Social Media for Social Good: Engaging and Empowering Your Brand Ambassadors

By Melissa Waggener Zorkin, CEO and Founder, Waggener Edstrom

Earlier this month, I had the pleasure of speaking to a room full of top social good experts, business people, influencers, activists and entrepreneurs at the Social Innovation Summit 2012. I think one tweeter summed it up quite well when speculating that the people solving more than half the world's toughest problems were in the room.

Given the unprecedented economic and societal change happening all around us, businesses, governments and nonprofits — all working in collaboration — need to help develop creative solutions. This is important work and something in which we deeply believe.

I spoke about new research we conducted with the Georgetown University Center for Social Impact Communication, which looked for an understanding of perceptions, behaviors and motivations for cause-support — both local and global — among digitally engaged American adults. We sought answers to three primary questions: who are the different audiences, how do you engage with them, and what tactics do you deploy to move them to action?

Although we will not release the full survey until February, below (and linked here) is a summary of the four key archetypes we identified.

  • The Mainstreeter. Our largest group represented some of the most involved with social causes. The respondents were parents and grandparents, often retired, with moderate incomes ranging from $35,000–$75,000. They may be present on social media but are skeptical to support a cause through that medium. Mainstreeters have a strong desire to be involved, so how do you connect their offline activity with online engagement?
  • The Minimalist. This was the smallest group. These respondents are far more likely to become involved in social causes than you might suppose. They tend to be single, more likely to be unemployed and make less than $50,000 a year. Minimalists are almost exclusively engaged with online social causes. Half will add their influence to a cause through a "like," and nearly half have given financial support to a cause through an online donation. Minimalists want a chance to get involved, so how do you inspire that involvement?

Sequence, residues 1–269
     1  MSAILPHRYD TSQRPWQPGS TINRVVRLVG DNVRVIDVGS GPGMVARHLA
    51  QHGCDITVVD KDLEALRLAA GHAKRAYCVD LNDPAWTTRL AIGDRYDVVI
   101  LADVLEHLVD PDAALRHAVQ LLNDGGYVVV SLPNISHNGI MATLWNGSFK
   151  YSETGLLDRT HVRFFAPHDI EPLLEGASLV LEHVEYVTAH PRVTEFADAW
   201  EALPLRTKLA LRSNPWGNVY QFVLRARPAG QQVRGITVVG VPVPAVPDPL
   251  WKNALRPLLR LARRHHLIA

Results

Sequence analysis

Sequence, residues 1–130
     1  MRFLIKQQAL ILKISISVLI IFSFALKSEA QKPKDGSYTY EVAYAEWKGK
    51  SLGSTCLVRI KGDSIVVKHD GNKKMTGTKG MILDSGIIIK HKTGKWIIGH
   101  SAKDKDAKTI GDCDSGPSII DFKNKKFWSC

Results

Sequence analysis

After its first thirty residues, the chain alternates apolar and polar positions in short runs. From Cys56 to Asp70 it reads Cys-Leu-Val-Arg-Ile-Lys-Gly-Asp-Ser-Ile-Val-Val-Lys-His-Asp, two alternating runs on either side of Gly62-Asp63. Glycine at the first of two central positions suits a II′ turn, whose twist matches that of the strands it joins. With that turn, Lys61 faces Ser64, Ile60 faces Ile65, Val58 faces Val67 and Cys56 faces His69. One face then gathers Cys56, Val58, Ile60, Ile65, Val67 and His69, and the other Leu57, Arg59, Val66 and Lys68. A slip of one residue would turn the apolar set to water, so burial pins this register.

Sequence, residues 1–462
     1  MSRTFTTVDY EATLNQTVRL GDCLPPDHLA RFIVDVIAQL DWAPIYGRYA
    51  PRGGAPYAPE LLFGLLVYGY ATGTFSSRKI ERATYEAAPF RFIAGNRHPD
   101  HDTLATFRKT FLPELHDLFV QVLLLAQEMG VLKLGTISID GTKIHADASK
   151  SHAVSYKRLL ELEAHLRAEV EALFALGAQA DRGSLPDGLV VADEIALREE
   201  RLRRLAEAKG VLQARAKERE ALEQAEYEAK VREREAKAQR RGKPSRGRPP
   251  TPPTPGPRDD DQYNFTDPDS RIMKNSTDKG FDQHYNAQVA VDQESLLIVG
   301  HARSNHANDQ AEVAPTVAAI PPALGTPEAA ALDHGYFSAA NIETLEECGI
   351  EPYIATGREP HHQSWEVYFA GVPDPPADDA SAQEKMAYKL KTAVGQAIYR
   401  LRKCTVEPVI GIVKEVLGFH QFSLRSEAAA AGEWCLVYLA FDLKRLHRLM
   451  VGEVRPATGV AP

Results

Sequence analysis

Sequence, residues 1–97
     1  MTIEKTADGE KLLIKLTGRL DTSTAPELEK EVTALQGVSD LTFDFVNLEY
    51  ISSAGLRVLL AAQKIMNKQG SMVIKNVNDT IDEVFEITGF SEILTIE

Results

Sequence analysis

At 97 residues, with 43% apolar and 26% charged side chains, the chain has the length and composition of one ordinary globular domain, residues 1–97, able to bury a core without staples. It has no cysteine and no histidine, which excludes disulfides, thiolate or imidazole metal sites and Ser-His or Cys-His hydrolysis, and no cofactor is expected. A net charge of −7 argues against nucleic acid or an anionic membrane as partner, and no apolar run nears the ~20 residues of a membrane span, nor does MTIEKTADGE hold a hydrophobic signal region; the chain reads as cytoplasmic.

• The Moderate. Nearly one-third of respondents fell into this next group, and we believe Moderates represent an opportunity for greater activation through social media. Their average earnings fall between $35,000 and $100,000, and they are well educated, with nearly half possessing a four-year degree or higher. They are highly connected — more than half have smartphones. Nearly 60 percent became involved in a social cause after supporting it via social media, and Moderates are particularly likely to become involved online after seeing a friend or family member take action. Moderates donate or volunteer for a cause and then talk about it on Facebook. So how can you help them demonstrate even more robust online activity to attract greater engagement?
  • The Maximizer. Less than 20 percent of respondents were Maximizers — if you have one in your midst, you'll know it and appreciate it. As their name suggests, Maximizers go all out to support the causes they care about — online, offline and everywhere in between. On average, this extremely motivated group supports a whopping 12 causes — which is double of every other group — and their support is split evenly between local and global causes. This is the youngest group, with most respondents falling between 18 and 34. They have the highest education levels of any group; half have a four-year degree or higher, and 19 percent have a post-graduate or professional degree. Not surprisingly, Maximizers are also the most affluent, with 21 percent earning more than $100,000. They are also hyper-connected with 64 percent owning a smartphone and 41 percent owning a tablet. Nearly one in four were born outside the U.S. or have parents or grandparents who live abroad. This group is primed for greater involvement and motivated to influence. Maximizers make connections through any and all sources and consider themselves to be highly knowledgeable about both local and global causes. No question, this is an extremely significant group already, so how do you turn them into your ambassadors?

For answers to the questions above, sign up for a free copy of the research in February. Through a thorough understanding of how to connect with these archetypes and inspire a deeper level of engagement, we can have a greater impact on the world around us.

Thank you to Zeev Klein and his team at Landmark Ventures for organizing the conference and to Robert Wollcot of Kellogg School of Management for moderating. This event is a catalyst for critical conversations focused on achieving good outcomes and I look forward to participating again next year.

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